How to Replace the Wheel Bearings on Drum Brakesby Dan Ferrell
You can maintain and service the drum-brake wheel bearings by cleaning and repacking them with special grease. However, wheel bearings wear out, crack, and develop heat, hard and pitting spots over time. When the time comes to replace them, make sure you have the required tools for the job and the adjusting nut torque specification for your particular vehicle make and model. Then choose a clean working area to avoid contaminating the bearings and hub on your car.
Removing the Wheel Bearings
Park your vehicle on a level surface.
Loosen the wheel lug nuts with a lug wrench on the wheel/tire assembly you will be working on.
Raise the wheel/tire assembly using a floor jack and support it on a jack stand.
Remove the wheel/tire assembly.
Detach the grease cap from the brake drum using a screwdriver and a hammer.
Remove the cotter pin that secures the nut lock and adjusting nut in place.
Pull the nut lock from the axle with a pair of nose pliers.
Unscrew the adjusting nut using an axle nut socket and ratchet.
Pull the washer from the axle using the nose pliers.
Wiggle the brake drum, if necessary, to pull the outer wheel bearing free from the axle.
Detach the brake drum from the brake assembly.
Lay the brake drum on a workbench and remove the grease seal and inner bearing from the back of the drum using a screwdriver.
Remove the inner and outer races from the drum using a large drift punch and hammer. Be careful to avoid damage to the hub.
Installing the New Wheel Bearings
Clean thoroughly the hub and drum using brake parts cleaner and a shop rag or lint-free towel.
Drive the new inner and outer races in place using a driving tool.
Grease the inner wheel bearing with high-temperature wheel-bearing grease using a bearing packer.
Place the packed inner-wheel bearing on its race inside the hub.
Fill partially the cavity inside the hub with high-temperature wheel-bearing grease.
Install a new grease seal using the driving tool.
Clean thoroughly the spindle on the axle assembly by using brake parts cleaner and a lint-free towel.
Replace the brake drum on the wheel assembly.
Grease the outer wheel bearing with high-temperature wheel-bearing grease, using a bearing packer and installing it on its race inside the hub.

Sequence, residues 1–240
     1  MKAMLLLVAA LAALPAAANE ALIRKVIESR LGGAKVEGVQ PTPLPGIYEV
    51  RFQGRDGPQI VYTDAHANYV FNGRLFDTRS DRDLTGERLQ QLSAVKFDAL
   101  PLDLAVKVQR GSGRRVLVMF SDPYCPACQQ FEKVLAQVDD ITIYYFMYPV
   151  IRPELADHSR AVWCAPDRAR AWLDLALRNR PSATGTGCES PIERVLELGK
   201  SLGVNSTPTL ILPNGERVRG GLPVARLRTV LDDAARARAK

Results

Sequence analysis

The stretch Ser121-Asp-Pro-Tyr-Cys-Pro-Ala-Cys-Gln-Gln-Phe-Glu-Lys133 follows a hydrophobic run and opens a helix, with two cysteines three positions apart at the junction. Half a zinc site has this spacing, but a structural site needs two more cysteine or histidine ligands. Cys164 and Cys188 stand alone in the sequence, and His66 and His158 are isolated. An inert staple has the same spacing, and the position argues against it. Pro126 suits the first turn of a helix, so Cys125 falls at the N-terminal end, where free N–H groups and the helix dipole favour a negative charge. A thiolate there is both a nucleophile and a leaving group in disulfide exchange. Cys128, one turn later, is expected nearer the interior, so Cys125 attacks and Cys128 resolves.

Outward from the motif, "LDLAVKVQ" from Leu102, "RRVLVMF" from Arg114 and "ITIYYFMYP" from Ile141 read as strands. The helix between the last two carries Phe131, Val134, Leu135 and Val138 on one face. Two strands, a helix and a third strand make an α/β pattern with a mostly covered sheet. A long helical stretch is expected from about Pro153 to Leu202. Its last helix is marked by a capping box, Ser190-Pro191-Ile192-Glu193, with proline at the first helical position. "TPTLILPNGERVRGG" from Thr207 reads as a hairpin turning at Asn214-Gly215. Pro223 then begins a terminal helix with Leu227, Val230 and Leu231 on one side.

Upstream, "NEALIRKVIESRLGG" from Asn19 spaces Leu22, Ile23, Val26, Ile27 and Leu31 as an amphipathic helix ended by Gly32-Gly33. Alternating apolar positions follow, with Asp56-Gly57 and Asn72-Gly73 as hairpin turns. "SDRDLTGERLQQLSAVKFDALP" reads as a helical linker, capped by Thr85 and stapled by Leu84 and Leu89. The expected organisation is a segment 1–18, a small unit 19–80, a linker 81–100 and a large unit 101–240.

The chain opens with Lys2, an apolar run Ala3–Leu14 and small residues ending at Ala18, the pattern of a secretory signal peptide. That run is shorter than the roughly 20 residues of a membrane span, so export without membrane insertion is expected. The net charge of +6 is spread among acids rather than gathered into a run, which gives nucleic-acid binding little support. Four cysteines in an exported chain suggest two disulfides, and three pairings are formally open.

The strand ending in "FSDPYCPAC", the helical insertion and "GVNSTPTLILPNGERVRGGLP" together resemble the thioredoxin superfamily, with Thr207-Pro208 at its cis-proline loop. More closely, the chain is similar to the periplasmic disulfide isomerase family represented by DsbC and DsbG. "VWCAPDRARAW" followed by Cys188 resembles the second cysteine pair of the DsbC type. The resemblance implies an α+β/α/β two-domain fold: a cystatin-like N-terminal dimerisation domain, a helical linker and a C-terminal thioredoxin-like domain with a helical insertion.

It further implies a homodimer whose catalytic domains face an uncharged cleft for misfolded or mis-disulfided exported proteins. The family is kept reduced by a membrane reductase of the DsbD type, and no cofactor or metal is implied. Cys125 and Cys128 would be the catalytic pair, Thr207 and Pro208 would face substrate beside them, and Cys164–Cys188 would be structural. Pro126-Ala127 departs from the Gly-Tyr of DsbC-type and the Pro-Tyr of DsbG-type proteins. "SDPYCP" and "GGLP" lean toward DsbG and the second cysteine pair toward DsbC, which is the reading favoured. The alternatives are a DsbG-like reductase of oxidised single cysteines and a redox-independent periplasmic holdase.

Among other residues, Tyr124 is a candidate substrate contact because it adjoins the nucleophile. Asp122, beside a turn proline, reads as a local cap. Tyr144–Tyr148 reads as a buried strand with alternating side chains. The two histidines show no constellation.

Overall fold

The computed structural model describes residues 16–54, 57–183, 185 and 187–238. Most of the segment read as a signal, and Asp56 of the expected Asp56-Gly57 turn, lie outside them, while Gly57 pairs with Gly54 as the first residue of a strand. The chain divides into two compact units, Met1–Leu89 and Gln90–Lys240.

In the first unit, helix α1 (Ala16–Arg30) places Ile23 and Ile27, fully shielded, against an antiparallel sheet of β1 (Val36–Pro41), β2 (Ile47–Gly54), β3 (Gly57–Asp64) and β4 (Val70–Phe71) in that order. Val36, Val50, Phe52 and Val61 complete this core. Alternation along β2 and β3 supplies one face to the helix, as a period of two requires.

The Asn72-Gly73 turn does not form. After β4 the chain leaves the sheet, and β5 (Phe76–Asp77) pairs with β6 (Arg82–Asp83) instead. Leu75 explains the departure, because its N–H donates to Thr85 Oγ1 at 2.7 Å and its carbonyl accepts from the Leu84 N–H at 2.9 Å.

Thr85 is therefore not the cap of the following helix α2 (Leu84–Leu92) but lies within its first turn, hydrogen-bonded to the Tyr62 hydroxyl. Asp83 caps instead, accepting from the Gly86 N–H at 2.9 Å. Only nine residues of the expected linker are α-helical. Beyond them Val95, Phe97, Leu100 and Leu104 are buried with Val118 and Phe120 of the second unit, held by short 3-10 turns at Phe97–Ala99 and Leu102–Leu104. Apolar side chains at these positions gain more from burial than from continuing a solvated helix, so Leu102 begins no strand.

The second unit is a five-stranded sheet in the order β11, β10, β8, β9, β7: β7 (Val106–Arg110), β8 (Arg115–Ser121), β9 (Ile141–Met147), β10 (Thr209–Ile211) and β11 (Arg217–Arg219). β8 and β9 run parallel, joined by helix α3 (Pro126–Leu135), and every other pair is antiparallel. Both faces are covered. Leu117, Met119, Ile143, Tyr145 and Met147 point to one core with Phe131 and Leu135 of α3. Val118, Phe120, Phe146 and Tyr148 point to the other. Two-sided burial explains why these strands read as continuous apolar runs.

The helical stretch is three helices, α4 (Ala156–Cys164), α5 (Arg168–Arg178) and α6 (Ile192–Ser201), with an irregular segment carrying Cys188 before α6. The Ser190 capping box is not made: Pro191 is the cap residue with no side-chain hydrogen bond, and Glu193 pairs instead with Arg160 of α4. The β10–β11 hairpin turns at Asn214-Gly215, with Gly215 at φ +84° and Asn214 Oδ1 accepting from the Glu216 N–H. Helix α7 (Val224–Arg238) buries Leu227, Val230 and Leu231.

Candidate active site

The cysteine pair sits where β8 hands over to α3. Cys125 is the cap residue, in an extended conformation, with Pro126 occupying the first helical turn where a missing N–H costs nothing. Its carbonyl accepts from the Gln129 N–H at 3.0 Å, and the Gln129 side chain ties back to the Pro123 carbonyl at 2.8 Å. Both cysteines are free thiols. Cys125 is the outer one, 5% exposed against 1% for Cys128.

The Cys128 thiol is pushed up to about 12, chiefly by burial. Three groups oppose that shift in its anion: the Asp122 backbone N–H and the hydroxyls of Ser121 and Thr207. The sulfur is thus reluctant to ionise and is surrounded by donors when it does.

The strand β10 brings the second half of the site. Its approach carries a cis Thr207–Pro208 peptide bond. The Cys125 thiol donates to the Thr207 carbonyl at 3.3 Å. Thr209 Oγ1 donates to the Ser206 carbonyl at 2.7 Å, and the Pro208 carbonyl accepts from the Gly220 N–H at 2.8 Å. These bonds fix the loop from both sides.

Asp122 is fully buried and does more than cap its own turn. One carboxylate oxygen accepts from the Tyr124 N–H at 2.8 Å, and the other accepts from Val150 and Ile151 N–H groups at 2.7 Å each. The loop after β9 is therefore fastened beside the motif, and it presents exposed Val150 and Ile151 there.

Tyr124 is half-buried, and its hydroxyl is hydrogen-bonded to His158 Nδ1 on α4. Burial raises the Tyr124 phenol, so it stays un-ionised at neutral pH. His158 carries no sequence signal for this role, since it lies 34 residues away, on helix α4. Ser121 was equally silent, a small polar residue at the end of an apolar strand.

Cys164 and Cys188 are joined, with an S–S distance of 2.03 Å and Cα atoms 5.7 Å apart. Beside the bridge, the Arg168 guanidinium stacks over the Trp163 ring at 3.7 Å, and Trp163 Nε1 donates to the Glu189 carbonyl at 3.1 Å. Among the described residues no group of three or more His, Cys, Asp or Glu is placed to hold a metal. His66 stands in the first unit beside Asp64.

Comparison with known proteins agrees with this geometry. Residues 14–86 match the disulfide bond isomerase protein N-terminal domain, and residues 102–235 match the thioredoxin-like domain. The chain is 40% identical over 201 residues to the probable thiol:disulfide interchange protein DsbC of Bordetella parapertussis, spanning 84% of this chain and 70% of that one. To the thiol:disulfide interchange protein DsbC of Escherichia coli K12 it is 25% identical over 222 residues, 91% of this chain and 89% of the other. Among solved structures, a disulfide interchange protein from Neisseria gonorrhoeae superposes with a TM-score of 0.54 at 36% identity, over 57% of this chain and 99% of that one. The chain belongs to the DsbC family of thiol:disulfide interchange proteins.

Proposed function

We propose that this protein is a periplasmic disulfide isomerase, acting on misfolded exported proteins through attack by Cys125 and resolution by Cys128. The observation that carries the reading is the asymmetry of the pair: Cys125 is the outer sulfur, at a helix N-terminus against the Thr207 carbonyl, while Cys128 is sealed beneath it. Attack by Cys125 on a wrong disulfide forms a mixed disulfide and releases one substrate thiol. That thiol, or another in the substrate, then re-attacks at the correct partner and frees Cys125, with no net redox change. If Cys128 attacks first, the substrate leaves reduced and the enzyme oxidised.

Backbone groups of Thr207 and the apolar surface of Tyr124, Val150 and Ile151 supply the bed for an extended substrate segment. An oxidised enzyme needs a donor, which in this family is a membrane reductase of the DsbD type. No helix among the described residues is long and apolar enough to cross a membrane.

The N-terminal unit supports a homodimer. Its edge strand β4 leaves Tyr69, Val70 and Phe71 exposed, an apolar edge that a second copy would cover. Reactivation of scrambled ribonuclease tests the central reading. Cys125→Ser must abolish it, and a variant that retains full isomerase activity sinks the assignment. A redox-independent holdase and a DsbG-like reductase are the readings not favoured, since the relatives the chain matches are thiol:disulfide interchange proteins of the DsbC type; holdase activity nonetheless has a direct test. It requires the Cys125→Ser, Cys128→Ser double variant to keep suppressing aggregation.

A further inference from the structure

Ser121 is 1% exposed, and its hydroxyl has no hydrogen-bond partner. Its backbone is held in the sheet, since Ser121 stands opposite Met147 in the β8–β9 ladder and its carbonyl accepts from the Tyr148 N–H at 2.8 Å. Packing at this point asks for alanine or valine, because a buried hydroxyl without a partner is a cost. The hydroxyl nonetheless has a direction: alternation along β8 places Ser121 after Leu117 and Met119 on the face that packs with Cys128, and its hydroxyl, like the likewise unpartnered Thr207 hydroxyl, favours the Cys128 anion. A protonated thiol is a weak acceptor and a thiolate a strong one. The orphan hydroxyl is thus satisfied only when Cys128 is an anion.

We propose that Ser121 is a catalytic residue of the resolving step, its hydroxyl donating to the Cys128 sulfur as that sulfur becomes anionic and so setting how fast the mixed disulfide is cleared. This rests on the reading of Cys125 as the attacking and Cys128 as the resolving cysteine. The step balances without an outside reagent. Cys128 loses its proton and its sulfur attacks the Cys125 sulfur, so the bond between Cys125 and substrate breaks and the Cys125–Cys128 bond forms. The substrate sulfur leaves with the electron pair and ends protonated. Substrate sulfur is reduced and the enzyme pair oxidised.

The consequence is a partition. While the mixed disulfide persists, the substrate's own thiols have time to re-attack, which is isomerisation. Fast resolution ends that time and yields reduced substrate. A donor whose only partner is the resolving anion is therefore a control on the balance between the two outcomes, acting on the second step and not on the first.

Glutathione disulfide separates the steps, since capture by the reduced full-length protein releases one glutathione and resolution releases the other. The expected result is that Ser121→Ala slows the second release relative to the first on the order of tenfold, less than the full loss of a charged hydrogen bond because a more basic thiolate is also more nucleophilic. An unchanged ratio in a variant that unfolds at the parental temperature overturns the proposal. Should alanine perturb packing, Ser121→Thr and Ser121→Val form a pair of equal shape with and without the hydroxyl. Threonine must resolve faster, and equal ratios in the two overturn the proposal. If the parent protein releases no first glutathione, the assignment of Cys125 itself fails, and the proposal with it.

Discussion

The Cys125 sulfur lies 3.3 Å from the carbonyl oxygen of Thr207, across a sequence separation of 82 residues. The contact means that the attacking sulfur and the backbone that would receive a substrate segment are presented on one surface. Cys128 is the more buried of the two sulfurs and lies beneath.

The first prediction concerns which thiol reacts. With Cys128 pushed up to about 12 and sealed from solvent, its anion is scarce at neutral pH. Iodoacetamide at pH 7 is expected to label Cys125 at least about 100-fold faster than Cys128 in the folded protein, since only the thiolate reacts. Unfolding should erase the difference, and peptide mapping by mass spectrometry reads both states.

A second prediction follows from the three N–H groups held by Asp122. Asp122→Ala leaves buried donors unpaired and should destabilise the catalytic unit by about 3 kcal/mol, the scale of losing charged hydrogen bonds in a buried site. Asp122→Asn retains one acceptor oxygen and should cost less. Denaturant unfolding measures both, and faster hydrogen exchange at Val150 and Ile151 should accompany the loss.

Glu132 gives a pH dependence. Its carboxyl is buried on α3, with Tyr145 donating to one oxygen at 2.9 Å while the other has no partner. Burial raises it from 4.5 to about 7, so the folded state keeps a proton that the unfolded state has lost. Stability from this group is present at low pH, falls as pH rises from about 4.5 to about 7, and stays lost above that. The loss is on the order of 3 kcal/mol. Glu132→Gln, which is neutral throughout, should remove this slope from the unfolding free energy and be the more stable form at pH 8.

Insert the washer and screw the adjusting nut by hand.
Ask a helper to rotate the wheel assembly as you tighten the adjusting nut to the torque specified by your vehicle manufacturer. Use a torque wrench and the axle nut socket. You may find the torque specification for your car make and model on your vehicle service manual. See the Tip box for more information.
Rotate the adjusting nut counterclockwise about 1/2 turn using the axle nut socket and ratchet.
Tighten the adjusting nut to the specification listed in your vehicle service manual, using the axle nut socket and torque wrench.
Fit the nut lock in place. Then insert and bend a new cotter pin to secure the adjusting nut and nut lock in place. Use the nose pliers.
Replace the grease cap.
Install the wheel/tire assembly and tighten the wheel lug nuts using the lug wrench.
Lower the vehicle and finish tightening the lug nuts.
- Modern Automotive Technology; James E. Duffy; 2003
- You may find the vehicle service manual for your particular car make and model at most auto parts stores. In addition, the reference section of your local public library may have this manual available.
Things You'll Need
- Lug wrench
- Floor jack
- Jack stand
- Nose pliers
- Axle nut socket
- Large drift punch
- Brake parts cleaner
- Lint-free towel
- Driving tool
- High-temperature wheel-bearing grease
- Bearing packer
- New grease seal
- Torque wrench
- New cotter pin
Since 2003 Dan Ferrell has contributed general and consumer-oriented news to television and the Web. His work has appeared in Texas, New Mexico and Miami and on various websites. Ferrell is a certified automation and control technician from the Advanced Technology Center in El Paso, Texas.